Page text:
KANSAS CITY, Mo. — The Kansas City Chiefs and the Oakland Raiders share a rich history and storied rivalry, but for more than two decades the feelings of hatred and distrust between the franchises comes only from old stories handed down by past generations – until now, that is.
“The rivalry’s back,” Chiefs linebacker Derrick Johnson said.
The Chiefs and Raiders meet Thursday at Arrowhead Stadium, and for the first time in 22 years the rivalry carries meaning. The winner grabs hold of the AFC West lead and stands in position for a first-round bye in the playoffs. The loser faces a three-game race to climb past their bitter rival.
Add a national television audience in primetime along with frigidly cold temperatures, and a return to the good old-fashioned hate between two teams seems guaranteed.
“That’s the great thing about this time of the year,” quarterback Alex Smith said. “The stages get bigger and more meaningful. They save all these division games for the end so it’ll be fun.”
The Raiders lead the AFC West with a 10-2 record. But the Chiefs currently hold the tie-breaker edge by virtue of their 26-10 win in Oakland during week six.
The Chiefs put together one of the team’s strong and most balanced offensive performances of the season in that win. Smith passed for 224 yards while running back Spencer Ware added 131 yards on the ground.
The Raiders rank fifth in the NFL with 391.7 yards per game and third in scoring with 28.8 points. But historically the Chiefs have held quarterback Derek Carr in check. Carr owns a 1-4 mark against the Chiefs in his career, passing for 20 yards below his career average and posting the lowest passer rating against any opponent he’s faced more than once.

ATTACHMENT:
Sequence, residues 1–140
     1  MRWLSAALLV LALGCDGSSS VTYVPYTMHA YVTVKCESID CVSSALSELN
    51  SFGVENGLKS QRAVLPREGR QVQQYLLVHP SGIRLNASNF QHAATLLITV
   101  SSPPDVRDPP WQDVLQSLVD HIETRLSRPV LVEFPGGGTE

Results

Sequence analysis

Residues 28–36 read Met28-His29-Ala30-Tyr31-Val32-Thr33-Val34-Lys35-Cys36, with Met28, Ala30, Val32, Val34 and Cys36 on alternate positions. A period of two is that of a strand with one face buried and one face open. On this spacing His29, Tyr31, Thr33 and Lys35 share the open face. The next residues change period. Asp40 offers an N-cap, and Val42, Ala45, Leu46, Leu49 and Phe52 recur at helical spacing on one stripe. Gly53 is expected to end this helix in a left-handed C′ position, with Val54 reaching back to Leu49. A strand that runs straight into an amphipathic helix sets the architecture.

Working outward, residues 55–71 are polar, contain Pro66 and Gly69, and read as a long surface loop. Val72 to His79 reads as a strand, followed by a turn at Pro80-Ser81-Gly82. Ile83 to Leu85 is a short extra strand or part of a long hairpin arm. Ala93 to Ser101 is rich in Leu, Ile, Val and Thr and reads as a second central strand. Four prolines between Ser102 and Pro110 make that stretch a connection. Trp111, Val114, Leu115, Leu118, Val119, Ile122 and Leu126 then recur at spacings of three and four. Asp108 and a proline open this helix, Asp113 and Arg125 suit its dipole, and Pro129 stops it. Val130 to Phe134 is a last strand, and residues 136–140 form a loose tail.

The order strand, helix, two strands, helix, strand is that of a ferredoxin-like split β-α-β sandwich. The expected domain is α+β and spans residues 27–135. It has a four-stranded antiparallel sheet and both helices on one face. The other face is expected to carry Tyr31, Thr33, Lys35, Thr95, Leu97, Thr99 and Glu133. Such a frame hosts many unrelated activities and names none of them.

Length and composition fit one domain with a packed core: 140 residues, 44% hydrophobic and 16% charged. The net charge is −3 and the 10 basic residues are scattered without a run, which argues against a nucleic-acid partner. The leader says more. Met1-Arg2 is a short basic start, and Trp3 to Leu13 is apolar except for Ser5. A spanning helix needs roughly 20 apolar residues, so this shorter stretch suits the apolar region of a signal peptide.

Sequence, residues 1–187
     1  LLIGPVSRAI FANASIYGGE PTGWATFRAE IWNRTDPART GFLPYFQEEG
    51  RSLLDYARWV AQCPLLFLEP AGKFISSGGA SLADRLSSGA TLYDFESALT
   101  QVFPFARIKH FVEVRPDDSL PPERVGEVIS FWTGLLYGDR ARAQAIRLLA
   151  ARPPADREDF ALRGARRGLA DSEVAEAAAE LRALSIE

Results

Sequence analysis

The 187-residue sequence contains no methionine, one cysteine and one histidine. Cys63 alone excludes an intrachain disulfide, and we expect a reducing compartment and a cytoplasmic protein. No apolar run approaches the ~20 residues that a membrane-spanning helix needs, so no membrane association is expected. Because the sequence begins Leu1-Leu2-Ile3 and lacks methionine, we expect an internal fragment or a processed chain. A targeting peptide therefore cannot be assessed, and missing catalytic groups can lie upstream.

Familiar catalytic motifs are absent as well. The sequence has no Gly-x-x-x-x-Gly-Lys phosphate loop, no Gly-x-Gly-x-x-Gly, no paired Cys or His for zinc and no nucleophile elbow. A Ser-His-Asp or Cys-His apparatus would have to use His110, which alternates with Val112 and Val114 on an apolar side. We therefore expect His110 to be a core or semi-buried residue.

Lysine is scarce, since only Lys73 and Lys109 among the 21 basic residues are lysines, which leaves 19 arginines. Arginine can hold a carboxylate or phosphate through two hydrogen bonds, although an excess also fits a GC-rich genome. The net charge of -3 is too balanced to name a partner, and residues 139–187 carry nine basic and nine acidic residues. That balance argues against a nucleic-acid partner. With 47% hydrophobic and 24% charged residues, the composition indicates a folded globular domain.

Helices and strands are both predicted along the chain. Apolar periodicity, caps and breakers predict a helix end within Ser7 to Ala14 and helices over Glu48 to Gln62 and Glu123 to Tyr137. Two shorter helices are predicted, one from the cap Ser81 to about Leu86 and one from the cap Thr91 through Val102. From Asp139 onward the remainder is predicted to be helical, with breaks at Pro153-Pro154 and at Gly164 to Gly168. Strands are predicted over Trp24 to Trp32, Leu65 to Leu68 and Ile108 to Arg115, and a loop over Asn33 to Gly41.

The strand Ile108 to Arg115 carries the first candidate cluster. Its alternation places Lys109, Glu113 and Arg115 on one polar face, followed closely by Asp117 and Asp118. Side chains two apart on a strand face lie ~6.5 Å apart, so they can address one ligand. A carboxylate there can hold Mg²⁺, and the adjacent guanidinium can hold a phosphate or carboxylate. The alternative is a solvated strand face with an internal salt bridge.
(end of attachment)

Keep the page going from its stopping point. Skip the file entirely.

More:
Johnson said the key to defeating Carr rests with limiting big plays.
“If we can eliminate the big plays and explosive plays from him, with the crowd we have at Arrowhead, it should be a good look for us,” Johnson said.
The Chiefs head into the game seemingly healthier than the squad has been in a while, despite the quick turnaround from Sunday’s 29-28 win at Atlanta. The team lists only two players questionable – defensive linemen Dontari Poe and Kendall Reyes.
The offense, meanwhile, expects to regain wide receiver Jeremy Maclin. Maclin missed most or all of the last five games with a groin injury. Smith called Maclin’s return an “awesome addition.”
“Jeremy is a big-time player and to get him back on the field,” Smith said, “the more weapons you have, the better.”
How both teams respond to the frigid conditions, however, may be the game’s most critical factor. The forecast calls for temperatures near 20 degrees at kickoff and dropping throughout the game.
Smith said the cold effects every player differently.
“For us, obviously we’ve gotten a lot of practice in the weather here, so we’ll see what the weather conditions are like for Thursday night,” Smith said.
Carr’s NFL career includes just two games with temperatures below 40 degrees, much less below 20 degrees. But Carr spent his college years in the Mountain West conference, which included the occasional late season road trip to Wyoming or Nevada.
He said he likes the cold weather.
“I’ve had my fair share and you treat it like any other game whenever you talk about weather,” Carr said. “If you let it affect you it will, so you just go out there with the right mindset.”
The Chiefs and Raiders already clinched winning records this year, the first both teams accomplished that feat in the same season since 1994. That year the Chiefs knocked off the Raiders in the final game of the season to secure a playoff spot and deny Oakland a postseason bid.
The playing conditions and what’s at stake for both teams makes it easy to harken back to the old days when Chiefs-Raiders meant something. Times have changed, but Johnson said the rivalry still has value.
“This is a new era,” Johnson said. “It’s probably not as nasty as it was back in the day. But trust me, we know about the rivalry and we’re hoping we can stand firm in our own house.”